The opening event of the festival, the Chupinazo, takes place on July 6th at midday. Before the appointed time, the crowd gathers in the square in front of the town hall and waits for the municipal councilor to launch the rocket that will begin the Sanfermines. Before lighting the rocket, the officiant will say the words that have been a part of this ceremony since 1941: “Pamplona, Pamplonesas, Viva San Fermín! Gora San Fermín!” Then the crowd erupts into a party that does not stop until the evening of the July 14th.
The popular clothes of the festival are all white (which little by little will take on the color of whatever people are drinking) and a red scarf. According to tradition, this scarf should be worn around the neck at all times during the festival, but until the lighting of the rocket, it is common to see them tied to peoples’ wrists or belts. The red color comes from the tradition of wearing the color during the offices to honor those holy martyrs who have died for their beliefs.
The most famous event of San Fermín and, perhaps, the defining image of the festival today, are the running of the bulls (Los Encierros). The tradition takes every morning at 7:00. This tradition goes back to the Middle Ages when the shepherds would enlist the help of young men from Pamplona to drive the cattle for the bull fights to the Plaza de Castillo, the first bullring of the city. This event, called “entrada,” in its beginnings, came to be a part of the festival program as a spectacle and popular activity when, in the mid-19th century, the young men who helped the shepherds started to runin front of the bulls instead of at their sides and behind them.
The event begins at 8 a.m., and it goes for a little more than half a kilometer from the Cuesta de Santo Domingo to the Plaza de Toros. Just before they begin, the participants sing the famous protection song to the saint a few times, which says: “A San Fermín pedimos, por ser nuestro patron, nos guíe en el encierro y nos dé su benedición.” The running of the bulls, which shouldn’t last more than three minutes, ends with the entrance of the bulls (6 bulls and 6 steers) into the Plaza de Toros. Then a dropping of the heifers takes place. After this day, there is a bullfight held every afternoon at 7 that pertains to the Feria Taurina de San Fermín.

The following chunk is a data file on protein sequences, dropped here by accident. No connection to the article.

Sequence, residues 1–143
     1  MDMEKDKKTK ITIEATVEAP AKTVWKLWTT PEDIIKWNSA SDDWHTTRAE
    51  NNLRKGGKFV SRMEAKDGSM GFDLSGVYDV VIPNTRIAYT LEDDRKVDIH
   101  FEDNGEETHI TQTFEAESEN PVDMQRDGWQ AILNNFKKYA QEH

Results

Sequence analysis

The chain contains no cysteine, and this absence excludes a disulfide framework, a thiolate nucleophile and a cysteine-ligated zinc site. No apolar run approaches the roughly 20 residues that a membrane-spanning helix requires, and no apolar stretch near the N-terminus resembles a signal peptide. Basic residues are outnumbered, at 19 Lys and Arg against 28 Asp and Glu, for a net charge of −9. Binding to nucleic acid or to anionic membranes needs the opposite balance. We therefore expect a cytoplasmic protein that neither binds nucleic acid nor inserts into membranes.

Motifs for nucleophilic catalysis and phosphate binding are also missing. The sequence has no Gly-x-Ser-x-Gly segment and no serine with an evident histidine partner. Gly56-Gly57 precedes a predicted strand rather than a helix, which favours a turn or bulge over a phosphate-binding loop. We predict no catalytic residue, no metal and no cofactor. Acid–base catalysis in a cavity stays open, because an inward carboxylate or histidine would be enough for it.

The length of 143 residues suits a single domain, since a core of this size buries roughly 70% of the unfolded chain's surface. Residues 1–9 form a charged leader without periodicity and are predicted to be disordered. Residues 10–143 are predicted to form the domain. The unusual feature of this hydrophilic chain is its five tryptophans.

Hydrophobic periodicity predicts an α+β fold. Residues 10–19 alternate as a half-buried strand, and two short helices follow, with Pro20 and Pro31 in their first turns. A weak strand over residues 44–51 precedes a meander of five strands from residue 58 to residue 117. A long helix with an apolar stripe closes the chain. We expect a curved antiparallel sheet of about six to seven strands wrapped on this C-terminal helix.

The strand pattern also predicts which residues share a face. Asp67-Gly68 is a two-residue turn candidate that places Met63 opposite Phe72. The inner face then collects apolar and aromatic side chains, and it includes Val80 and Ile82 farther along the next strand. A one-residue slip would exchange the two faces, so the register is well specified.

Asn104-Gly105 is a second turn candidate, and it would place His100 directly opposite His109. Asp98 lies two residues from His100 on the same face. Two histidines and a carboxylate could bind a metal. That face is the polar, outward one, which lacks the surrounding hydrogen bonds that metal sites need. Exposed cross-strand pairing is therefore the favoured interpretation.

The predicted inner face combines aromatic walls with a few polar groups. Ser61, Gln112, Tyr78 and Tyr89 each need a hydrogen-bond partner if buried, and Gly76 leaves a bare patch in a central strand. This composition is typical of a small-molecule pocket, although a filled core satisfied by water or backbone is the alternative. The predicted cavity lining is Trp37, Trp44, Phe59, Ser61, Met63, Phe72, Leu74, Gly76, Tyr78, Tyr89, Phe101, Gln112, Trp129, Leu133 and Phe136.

The Procesión de San Fermín takes place on July 7th. It is one of the most popular events of this festival. At 10 in the morning, the Corporación Municipal (dressed in regalia and accompanied by musicians, giant puppets, and other commemorative things) marches to the cathedral in search of the Cabildo, then to the Iglesia de San Lorenzo to recover the image of San Fermín. For an hour and a half, the procession fills the main streets of the historic district, making short stops, or “Momenticos,” in which different honors are made to the saint. The most famous “momentico” takes place next to the atrium of the Catedral, at the end of the procession, when the Corporación Municipal dismisses the Cabildo and the giant puppets dance.